Over a five-year period, police killed people of color at disproportionately higher rates than white people. It’s happening so frequently, researchers say it’s a public health emergency.
(CN) — The death of George Floyd — an unarmed Black man killed at the hands of a white police officer — on Memorial Day sparked protests in solidarity across the world against police violence.
His killing, caught on video and shared across the world, shocked many, but was not surprising to others.
The narrative of a white officer killing an unarmed person of color has been repeated throughout the U.S. for years. The countless deaths eventually sparked the Black Lives Matter movement in 2013.
Now a study by researchers at the University of Pennsylvania examines years of data to reveal that Black people are three times more likely to be killed by police than their white counterparts. The study calls fatal police shootings a public health emergency that contribute to poor health for Black, indigenous and other people of color.
Their findings were published in the Journal of Epidemiology and Community Health.
The report’s findings — based on publicly available data compiled by The Washington Post — show that over a five-year period, the killing of Black people remained consistently high when compared to the overall population.
Researchers looked at race/ethnicity and age information of 4,653 people killed by police. They found more than half of those killed were white, followed by 27% Black, 19% Hispanic, 2% Asian and 2% Native Americans. When racial and ethnic proportions are considered, the deaths of people of color at the hands of police is disproportionate according to the researchers.
While the average age of those killed was 34, white victims tended to be older, averaging age 38. The average age of death for Black people was 30.
Police violence came into sharp focus over the last several months with the deaths of Floyd, Breonna Taylor and many more. Urban centers across the country all have their own personal lists of people killed by police.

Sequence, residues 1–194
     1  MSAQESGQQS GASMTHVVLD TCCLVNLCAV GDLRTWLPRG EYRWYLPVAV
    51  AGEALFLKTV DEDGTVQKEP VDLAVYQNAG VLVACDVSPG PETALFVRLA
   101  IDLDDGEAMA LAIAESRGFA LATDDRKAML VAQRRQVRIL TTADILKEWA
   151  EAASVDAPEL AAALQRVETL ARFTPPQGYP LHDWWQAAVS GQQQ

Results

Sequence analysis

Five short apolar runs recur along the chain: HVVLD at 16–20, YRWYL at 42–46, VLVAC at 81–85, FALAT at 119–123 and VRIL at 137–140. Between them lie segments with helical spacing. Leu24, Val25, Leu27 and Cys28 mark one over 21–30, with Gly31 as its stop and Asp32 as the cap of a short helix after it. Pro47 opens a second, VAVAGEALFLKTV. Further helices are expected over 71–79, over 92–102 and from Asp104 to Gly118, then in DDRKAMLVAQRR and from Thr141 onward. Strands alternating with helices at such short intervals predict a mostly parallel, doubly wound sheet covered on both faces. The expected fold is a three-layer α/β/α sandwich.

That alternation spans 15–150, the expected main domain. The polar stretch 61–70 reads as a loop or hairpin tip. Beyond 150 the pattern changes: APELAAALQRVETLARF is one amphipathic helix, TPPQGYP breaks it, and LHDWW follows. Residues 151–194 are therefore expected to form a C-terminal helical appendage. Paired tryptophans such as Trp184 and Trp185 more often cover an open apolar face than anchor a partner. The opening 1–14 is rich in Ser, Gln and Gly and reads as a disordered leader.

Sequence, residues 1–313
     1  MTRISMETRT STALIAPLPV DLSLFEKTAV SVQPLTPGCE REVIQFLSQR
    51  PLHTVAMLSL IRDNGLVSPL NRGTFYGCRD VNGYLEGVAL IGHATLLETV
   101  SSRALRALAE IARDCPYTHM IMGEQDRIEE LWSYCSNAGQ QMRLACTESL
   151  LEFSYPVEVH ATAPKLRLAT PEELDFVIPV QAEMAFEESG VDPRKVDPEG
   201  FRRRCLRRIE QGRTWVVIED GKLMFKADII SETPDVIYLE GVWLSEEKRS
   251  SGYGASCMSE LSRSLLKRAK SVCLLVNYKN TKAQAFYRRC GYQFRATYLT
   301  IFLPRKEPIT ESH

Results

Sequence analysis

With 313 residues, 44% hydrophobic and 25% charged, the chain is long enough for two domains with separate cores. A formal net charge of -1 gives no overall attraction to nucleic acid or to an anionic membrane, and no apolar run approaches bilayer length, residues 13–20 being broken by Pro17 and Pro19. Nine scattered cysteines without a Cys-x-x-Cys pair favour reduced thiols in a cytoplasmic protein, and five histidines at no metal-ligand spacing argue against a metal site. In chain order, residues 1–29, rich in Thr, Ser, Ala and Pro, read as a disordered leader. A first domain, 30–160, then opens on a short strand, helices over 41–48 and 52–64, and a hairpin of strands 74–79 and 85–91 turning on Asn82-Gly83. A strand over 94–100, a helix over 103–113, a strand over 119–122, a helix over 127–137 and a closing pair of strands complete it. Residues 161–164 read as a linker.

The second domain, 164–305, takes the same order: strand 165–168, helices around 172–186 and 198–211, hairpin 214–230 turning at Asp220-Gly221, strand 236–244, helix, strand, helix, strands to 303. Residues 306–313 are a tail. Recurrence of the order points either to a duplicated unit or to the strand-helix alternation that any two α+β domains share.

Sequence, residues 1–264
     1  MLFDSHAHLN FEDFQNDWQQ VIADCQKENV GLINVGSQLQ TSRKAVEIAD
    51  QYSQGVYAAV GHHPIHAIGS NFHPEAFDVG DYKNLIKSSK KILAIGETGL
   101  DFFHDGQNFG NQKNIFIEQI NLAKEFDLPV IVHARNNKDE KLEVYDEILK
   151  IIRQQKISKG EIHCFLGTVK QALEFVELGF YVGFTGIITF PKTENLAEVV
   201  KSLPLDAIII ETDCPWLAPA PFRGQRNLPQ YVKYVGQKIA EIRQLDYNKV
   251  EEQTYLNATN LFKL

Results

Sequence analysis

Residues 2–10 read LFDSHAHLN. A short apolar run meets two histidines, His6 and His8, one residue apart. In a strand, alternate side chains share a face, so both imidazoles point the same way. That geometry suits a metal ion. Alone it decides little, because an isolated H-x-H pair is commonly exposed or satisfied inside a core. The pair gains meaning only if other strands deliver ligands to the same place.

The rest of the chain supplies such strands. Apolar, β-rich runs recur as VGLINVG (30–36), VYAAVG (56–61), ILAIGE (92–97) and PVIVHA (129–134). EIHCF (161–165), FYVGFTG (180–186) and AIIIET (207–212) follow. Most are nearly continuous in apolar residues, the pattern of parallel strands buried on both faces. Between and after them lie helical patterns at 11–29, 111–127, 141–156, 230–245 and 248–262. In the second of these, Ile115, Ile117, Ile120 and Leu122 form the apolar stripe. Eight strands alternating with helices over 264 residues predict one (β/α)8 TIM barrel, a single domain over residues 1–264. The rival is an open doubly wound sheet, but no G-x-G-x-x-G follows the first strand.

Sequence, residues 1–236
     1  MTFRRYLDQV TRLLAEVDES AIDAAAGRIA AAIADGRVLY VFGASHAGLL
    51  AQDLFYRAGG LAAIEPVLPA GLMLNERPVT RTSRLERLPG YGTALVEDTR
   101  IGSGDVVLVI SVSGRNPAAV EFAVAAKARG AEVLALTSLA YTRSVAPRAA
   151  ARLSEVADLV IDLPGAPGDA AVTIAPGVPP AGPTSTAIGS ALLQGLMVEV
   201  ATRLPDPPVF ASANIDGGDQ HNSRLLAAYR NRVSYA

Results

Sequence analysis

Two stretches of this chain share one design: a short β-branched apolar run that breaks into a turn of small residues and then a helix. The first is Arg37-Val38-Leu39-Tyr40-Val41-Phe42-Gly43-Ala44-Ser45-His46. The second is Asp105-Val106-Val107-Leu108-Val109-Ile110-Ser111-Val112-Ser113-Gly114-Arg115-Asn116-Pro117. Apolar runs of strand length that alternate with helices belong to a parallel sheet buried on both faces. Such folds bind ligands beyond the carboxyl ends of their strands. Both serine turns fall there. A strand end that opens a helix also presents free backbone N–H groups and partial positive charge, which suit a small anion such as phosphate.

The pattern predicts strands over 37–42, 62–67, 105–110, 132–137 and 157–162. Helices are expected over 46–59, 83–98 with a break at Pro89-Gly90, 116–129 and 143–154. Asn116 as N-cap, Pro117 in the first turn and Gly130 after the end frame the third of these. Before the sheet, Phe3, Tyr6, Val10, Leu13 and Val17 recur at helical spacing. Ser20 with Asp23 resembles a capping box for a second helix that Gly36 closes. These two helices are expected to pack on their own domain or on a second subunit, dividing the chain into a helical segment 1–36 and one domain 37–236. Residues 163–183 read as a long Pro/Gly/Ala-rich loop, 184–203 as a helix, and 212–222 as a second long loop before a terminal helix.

Grechario Mack was 30 and having a mental health crisis when he was shot and killed by Los Angeles police officers in 2018 at the Crenshaw Mall. Mack was holding a kitchen knife because he was paranoid, and approached a security guard to call for some type of medical help.
Instead, police stormed the mall with their guns drawn and fired at him as he ran away.
“He was scared,” said Quintus Moore, Mack’s father, in an interview. “Police came in, like witnesses said, they stormed in there like the Navy SEALs. They fired 15 times at my son, hitting the windows of the GameStop, blowing glass everywhere. My son was hit 7 or 8 times. He was not the one putting anyone in danger.”
Moore said if medical expert arrived at the scene and de-escalated the situation, his son would be alive today. He said none of the officers were charged and were only found to be out of policy for the last shot they fired at Mack, while he laid on the floor in a pool of his own blood.
Since then, Moore has become an active member of the Los Angeles Black Lives Matter chapter and vocal critic of LA County District Attorney Jackie Lacey. He sees her office’s lack of prosecutions against police officers as one “piece of a puzzle that will stop the murdering rampage” of people of color.
Moore called the findings of Tuesday’s study “shameful.”